Tuesday, September 4, 2018

St. Michael's Boxing Club Athy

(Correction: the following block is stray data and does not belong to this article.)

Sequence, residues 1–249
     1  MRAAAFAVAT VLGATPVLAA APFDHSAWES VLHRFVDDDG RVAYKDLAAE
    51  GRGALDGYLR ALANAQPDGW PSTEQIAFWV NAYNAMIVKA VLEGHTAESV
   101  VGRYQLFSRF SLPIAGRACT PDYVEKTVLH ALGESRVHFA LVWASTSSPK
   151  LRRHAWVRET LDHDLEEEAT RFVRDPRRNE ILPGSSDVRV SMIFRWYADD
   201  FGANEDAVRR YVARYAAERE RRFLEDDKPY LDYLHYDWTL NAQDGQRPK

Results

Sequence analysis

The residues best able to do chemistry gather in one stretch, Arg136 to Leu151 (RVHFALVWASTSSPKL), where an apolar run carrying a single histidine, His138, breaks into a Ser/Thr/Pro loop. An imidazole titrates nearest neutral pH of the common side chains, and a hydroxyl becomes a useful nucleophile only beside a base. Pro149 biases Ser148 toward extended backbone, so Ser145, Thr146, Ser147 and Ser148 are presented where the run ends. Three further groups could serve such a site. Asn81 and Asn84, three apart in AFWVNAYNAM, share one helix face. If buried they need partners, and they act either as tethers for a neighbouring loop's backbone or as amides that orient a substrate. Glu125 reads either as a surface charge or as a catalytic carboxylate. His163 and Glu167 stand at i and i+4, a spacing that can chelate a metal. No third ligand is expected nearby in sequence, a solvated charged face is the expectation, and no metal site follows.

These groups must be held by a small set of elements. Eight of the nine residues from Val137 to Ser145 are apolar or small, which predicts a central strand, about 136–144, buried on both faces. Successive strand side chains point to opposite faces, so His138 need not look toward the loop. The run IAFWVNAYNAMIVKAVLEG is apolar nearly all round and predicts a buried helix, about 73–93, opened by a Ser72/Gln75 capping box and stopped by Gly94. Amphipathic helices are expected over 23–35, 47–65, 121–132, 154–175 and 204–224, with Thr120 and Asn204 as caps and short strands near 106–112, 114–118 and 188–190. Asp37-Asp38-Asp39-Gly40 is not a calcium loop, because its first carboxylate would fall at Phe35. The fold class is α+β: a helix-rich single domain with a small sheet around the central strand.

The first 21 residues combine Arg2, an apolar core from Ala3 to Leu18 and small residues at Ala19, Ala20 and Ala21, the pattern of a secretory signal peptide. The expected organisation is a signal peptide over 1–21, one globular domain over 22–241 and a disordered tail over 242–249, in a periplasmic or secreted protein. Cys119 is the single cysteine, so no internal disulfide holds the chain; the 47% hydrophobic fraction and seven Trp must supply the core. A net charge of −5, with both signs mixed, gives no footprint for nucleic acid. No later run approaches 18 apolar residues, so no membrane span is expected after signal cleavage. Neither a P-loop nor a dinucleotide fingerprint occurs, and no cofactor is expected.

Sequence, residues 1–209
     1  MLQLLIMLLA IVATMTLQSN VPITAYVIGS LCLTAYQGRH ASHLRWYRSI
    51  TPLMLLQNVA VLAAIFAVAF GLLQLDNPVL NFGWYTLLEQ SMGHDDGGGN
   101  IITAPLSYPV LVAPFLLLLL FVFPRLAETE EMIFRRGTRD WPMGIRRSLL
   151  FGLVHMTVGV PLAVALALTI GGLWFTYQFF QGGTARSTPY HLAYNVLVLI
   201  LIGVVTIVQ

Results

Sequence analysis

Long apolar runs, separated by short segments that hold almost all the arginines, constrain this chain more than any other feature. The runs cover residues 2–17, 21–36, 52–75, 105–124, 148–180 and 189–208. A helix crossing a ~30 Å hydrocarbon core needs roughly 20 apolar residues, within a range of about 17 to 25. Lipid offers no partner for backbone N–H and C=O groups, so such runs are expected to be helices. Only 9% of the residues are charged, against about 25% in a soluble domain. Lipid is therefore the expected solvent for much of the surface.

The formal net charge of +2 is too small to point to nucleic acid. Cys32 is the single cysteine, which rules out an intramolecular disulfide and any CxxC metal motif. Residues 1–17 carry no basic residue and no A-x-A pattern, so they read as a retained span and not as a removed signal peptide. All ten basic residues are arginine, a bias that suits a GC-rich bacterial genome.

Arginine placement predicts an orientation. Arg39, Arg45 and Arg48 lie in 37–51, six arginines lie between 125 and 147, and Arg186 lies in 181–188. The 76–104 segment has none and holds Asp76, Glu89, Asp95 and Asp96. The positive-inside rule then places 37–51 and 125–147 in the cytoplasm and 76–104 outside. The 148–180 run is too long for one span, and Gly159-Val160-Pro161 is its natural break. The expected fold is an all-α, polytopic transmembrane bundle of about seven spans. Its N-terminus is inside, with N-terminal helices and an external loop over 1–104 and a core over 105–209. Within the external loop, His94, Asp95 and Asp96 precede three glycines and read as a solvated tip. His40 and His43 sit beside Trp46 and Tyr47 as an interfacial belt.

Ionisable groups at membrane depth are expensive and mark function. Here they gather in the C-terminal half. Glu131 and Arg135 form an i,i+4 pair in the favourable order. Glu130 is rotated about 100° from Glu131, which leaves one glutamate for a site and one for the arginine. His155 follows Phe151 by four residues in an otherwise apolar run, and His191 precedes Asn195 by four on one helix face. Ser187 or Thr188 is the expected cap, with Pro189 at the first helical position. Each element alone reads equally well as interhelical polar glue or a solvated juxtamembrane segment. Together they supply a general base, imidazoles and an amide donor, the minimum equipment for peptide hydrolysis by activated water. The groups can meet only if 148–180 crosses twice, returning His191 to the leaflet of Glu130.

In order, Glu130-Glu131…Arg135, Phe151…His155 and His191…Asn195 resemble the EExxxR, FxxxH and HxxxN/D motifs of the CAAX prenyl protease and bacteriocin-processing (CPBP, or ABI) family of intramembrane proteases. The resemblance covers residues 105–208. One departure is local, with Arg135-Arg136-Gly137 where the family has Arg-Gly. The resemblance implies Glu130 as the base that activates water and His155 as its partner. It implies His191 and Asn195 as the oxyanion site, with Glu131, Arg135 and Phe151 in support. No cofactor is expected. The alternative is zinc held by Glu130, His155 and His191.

Boxing has for many years featured as a favoured sporting activity here in Athy. In the 1930s Sydney Minch and others founded a boxing club, which in the tough economic times of the day offered a sporting outlet to young boys whose lives were dominated by widespread unemployment and lack of opportunities. It is one of the regretful aspects of local history of years past that insufficient attention was given to recording local events and the people involved. For that reason there is little or no information available today on the boxing club of the 1930s, other than a few slight references in local newspapers. I remember interviewing Bill Hayes some years ago when he recalled the annual boxing tournaments between the Athy club and Sydney Minch’s old school, Clongowes Woods College. The boxing club went out of existence, when exactly I cannot say, but in 1966 Fr. Denis Laverty, then a curate in Athy, founded the town’s second boxing club. It was based in St. John’s Hall which had been built in 1926 as the British Legion Hall. The club’s membership included Dom O’Rourke, one of four O’Rourke brothers of Geraldine Road who were all involved and Noel O’Meara of Greenhills. The club faded away in the early 1970s, but Dom O’Rourke and Noel O’Meara would later bring alive the Athy boxing story with the foundation of the current St. Michael’s Boxing Club in 1993. Noel O’Meara was one of a small group of people who came together in the early 1990s to seek ways of arresting the social decline of the town. The group would eventually disband, having succeeded in setting up a community council, two play schools and a boxing club. Noel it was who was charged with the task of setting up the boxing club and he often claims that he was told ‘get it up and running again’. Noel sought Dom O’Rourke’s assistance and it was Dom with Jimmy Walsh, Pat Nolan and Mary O’Rourke as club treasurer who resurrected the boxing club which soon thereafter became one of the most successful clubs in Ireland. I have written previously of the club’s early successes achieved by the Sheahan brothers, Tommy, Gary and Roy by Patrick Phelan, David Oliver Joyce, John Joe Joyce and Eric Donovan. The early successes of Athy boxing club were achieved at a time when the club premise was a disused malthouse in Nelson Street. The facilities may have been primitive, but the hard work of all those involved in the club ensured that the youngsters availing of the facilities were well prepared to represent Athy at championship and subsequently international level. Indeed, the club was also represented in the Olympic Games in Beijing in 2008 by John Joe Joyce and in the Rio de Janeiro Olympics of 2016 by David Oliver Joyce. To date St. Michael’s Boxing Club has amassed in excess of 180 Irish championships ranging from boys to senior championships and all grades in between including youth, cadet, junior, under 21, under 23 and intermediate. It is a very impressive record for a young club. The success of St. Michael’s Boxing Club led to the Irish boxing authorities approving the holding of a senior international boxing match in Athy between Ireland and Canada. This was, I understand, the first senior international boxing match held outside Dublin and on that day those boxing for Ireland in the Grove Cinema Athy included Athy club members James Phillips, Tommy Sheahan, John Donovan and Vivian Carroll. The club was later granted a civic reception by Athy Town Council in honour of its achievements, both at local and international level. It was fitting, given the club’s success and the part played in that success by Dom O’Rourke, that Dom should later be elected president of the I.A.B.A. It is not often that Athy men or women head up Irish national sporting organisations and on his appointment Dom joined another Athy man in those top ranks, George O’Toole, who was then president of the Irish Community Games Association. Another Athy connection with the I.A.B.A. was Fr. J. McLaughlin, a curate in Athy in the 1950s, who in his time spearheaded the fundraising campaign for the Parish Church opened in 1964. Fr. McLaughlin in his younger days was chaplain to the defence forces and during time he was also national treasurer of the I.A.B.A. In that capacity he was responsible for raising the finances for the building of the National Boxing Stadium in Dublin which opened in March 1939. St. Michael’s Boxing Club is Athy’s most successful sports club with wonderful facilities in it’s new premises at Dooley’s Terrace, Athy. I visited the club last week and was pleasantly surprised to find so many young people using the club’s facilities and training diligently in the hope of becoming sporting stars of tomorrow.